Once I got my bib and my neon blue T-shirt (for this year's race), I decided to stash what I didn't need in the car and make my way along the running trail (that typically is only for employees) to the start line.
|Consider yourself warned: Runners ahead.|
I made my way to the start line, which was just near the entrance afforded to us runners, and felt something I haven't felt in a long time -- intimidated. There were lots of fast looking runners in all kinds of gear. Many wore ultramarathon shirts and I was even jealous to see the technical shirts of runners who'd participated in the Hood to Coast relay (when I did it in 2000, cotton T's were the norm).
All I was wearing was a hodgepodge of gear that I travel with after losing a few prized race shirts on trips to Australia and New York -- my May the Fourth (Miler) Be With You shirt, which is a cool-looking charcoal grey but has the entire text of one of the race website pages plastered over the front of it. I wore a very worn-out looking pair of cobalt blue Nike shorts that I cannot wear here in Atlanta in the summer because of the humidity.
The only thing I brought with me that was part of my starting kit was my secret weapon, my Saucony Type A6 racing flats.
After seeing all these fast-looking runners, I told myself -- no need to worry, just do your best and have fun. You PR'd the week before and you have nothing to prove.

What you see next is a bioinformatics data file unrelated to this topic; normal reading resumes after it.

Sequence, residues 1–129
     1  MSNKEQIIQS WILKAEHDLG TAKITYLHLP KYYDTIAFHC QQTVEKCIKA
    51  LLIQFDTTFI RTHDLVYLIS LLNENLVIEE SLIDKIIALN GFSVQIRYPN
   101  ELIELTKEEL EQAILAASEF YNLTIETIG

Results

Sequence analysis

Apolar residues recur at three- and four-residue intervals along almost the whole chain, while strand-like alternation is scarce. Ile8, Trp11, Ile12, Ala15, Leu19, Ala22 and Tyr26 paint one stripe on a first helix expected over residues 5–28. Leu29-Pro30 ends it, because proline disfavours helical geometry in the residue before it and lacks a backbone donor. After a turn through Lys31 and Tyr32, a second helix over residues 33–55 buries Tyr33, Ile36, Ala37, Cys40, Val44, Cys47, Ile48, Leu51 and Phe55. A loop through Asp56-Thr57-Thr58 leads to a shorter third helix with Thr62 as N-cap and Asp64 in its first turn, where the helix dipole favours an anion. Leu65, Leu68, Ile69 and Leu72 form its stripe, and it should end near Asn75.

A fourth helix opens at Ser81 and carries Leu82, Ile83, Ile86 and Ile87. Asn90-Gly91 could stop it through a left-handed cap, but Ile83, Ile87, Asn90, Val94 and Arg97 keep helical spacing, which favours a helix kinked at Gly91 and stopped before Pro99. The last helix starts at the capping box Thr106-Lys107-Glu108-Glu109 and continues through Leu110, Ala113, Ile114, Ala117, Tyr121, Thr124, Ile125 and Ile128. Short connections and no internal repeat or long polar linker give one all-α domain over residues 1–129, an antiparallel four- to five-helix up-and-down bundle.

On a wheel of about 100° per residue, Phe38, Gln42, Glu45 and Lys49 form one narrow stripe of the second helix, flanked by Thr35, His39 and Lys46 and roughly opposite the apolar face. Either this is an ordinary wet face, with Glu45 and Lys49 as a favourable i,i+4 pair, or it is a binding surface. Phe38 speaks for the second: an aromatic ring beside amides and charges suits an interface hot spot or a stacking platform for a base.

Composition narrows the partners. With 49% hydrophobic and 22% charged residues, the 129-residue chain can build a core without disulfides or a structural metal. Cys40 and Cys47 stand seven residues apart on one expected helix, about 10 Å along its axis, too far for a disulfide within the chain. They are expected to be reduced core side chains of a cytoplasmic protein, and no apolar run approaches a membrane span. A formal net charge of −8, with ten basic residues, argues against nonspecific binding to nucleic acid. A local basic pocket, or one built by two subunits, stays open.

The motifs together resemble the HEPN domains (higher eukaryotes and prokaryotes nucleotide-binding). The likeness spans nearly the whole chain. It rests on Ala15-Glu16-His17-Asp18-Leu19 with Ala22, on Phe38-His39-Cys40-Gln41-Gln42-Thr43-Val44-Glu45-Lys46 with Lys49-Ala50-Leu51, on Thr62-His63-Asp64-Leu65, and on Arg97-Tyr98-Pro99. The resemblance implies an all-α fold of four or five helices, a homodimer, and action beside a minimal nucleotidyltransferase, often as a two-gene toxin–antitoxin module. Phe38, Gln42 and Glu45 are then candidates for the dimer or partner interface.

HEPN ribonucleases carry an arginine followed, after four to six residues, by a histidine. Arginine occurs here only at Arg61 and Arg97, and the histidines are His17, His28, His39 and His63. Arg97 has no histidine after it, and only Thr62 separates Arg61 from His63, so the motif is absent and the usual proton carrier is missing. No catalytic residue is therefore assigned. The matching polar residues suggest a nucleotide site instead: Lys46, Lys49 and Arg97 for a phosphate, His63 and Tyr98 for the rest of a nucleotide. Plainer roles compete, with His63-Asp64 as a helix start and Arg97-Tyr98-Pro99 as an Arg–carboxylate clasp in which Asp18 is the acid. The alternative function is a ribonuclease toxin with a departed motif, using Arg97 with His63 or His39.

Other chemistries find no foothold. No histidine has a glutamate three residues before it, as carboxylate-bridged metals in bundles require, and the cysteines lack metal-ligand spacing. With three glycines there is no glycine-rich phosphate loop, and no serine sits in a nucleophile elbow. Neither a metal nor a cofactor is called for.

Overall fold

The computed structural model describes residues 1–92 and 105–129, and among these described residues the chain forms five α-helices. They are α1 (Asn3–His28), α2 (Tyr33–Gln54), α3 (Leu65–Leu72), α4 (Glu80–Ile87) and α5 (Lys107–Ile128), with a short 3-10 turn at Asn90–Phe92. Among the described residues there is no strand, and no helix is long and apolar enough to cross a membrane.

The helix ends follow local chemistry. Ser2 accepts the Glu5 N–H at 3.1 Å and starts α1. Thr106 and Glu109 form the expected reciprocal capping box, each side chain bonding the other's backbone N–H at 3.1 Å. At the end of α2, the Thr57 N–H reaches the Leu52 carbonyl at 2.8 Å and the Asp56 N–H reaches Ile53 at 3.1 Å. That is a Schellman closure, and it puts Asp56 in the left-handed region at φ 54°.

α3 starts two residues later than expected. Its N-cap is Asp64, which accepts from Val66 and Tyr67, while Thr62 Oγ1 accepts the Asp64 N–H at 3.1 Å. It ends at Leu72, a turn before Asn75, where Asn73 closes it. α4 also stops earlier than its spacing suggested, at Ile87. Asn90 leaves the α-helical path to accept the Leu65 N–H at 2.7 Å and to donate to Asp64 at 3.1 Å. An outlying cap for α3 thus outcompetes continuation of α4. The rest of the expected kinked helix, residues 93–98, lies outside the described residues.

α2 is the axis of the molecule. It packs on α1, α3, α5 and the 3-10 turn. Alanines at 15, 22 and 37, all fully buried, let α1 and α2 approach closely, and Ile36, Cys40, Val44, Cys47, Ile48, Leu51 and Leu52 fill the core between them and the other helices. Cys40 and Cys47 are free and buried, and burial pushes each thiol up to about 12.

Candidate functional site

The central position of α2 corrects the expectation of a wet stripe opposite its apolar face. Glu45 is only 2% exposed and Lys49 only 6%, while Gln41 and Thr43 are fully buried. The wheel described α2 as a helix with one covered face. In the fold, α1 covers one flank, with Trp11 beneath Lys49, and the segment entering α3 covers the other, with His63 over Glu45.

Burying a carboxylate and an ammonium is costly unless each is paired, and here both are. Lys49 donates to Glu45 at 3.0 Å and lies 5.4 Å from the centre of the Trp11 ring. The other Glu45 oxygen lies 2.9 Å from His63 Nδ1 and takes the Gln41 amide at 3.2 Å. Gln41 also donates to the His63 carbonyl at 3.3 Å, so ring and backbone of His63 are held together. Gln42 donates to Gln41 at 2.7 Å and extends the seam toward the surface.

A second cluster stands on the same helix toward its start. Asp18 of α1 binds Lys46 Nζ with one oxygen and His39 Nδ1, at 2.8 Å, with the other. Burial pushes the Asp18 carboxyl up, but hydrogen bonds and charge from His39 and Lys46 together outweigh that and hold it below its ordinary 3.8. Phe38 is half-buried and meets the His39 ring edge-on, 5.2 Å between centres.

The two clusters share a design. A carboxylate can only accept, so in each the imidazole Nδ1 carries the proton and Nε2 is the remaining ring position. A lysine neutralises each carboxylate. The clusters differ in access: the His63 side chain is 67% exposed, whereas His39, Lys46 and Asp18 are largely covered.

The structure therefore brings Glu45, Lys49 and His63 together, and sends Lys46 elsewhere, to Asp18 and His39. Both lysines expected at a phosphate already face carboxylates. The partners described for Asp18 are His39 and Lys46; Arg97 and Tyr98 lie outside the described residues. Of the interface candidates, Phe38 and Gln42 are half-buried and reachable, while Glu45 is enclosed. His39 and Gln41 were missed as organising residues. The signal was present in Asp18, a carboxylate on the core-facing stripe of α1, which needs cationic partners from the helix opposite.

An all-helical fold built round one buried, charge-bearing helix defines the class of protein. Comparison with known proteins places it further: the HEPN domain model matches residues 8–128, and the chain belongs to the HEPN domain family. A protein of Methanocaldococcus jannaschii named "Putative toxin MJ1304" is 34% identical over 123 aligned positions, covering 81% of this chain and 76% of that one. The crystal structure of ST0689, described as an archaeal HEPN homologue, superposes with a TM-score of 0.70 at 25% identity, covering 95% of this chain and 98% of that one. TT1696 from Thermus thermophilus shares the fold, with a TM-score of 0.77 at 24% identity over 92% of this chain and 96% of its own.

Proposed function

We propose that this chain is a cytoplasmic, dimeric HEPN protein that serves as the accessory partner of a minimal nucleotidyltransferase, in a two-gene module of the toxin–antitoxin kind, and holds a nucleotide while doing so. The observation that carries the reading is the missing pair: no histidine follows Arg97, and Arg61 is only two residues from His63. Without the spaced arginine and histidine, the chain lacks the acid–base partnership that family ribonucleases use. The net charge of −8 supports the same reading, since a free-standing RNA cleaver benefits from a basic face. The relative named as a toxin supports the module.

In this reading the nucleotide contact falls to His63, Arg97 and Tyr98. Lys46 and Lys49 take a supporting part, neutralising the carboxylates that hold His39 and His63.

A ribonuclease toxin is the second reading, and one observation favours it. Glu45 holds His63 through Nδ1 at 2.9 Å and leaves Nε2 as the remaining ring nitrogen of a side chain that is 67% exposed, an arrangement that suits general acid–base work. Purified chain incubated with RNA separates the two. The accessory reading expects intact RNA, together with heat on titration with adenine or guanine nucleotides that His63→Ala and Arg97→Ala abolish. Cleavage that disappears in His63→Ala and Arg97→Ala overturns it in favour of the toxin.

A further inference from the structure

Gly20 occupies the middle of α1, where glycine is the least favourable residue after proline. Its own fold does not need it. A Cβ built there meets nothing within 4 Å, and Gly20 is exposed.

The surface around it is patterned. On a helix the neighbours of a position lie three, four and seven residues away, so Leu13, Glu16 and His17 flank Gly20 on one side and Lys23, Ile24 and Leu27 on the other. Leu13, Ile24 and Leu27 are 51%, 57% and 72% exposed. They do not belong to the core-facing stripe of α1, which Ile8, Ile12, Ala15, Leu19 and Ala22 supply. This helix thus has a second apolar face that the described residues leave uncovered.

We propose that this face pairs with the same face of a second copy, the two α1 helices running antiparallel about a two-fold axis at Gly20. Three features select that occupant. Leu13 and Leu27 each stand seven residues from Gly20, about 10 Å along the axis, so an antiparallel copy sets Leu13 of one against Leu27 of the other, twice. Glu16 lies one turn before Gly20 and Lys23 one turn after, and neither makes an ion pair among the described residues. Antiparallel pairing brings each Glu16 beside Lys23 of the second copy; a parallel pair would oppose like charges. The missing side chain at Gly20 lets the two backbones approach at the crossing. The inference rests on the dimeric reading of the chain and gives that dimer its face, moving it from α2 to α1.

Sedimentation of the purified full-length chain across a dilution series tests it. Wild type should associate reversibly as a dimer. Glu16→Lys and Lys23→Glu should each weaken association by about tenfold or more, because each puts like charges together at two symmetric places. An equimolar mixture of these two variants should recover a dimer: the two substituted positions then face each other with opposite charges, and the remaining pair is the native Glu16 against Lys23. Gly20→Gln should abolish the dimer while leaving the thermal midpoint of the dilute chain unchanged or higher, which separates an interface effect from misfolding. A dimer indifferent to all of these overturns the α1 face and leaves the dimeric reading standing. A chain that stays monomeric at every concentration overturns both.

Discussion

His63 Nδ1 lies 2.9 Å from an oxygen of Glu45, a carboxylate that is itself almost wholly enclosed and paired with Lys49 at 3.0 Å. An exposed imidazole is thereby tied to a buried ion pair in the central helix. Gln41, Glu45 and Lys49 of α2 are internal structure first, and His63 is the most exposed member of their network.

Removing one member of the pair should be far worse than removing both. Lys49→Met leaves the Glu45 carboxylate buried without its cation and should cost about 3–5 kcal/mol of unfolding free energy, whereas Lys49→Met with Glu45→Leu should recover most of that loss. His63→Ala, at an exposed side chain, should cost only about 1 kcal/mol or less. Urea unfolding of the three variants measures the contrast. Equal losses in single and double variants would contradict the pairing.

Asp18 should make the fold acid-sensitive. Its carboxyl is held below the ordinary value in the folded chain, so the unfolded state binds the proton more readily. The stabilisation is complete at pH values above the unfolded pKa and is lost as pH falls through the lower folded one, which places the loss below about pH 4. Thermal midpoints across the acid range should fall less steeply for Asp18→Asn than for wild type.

When the race gun started, I knew to expect a fast pace. And it really was. The thing that amazed me were the numbers of people who did not look like elite runners keeping up with it. I looked down at my watch at one point and it said 6:40/mile. Surely this would be untenable for some of these people. But I continued on.
After the first mile the race spills out of the world campus and into a wooded area that is a continuation of the running trail. But this surface was not wood chips, it was that smooth gravel stuff that I knew very well when I was 16 and running with the most basic of Nike trainers on a duo-exercise track called the Parcourse in Winston-Salem.
My racing flats had never touched this stuff. Suffice to say I don't know if they were meant for this slippery material. But I don't know if any shoe was. I decided to keep up with some pre-teen kids that were really killing it in the woods.
One of the kids came up on this trail, maybe 10 feet wide, on a guy who looked like he was in his 20s, really trying to burn it down (too much at this point?) and kind of moving back and forth on the trail from side to side like he was trying to prevent the little kid from passing him. That's what it looked like to me. The kid squirmed by and I told myself that we were going to have some words if his elbows touched me. I'd always heard about this kind of thing in cross country meets among school kids but had never experienced it.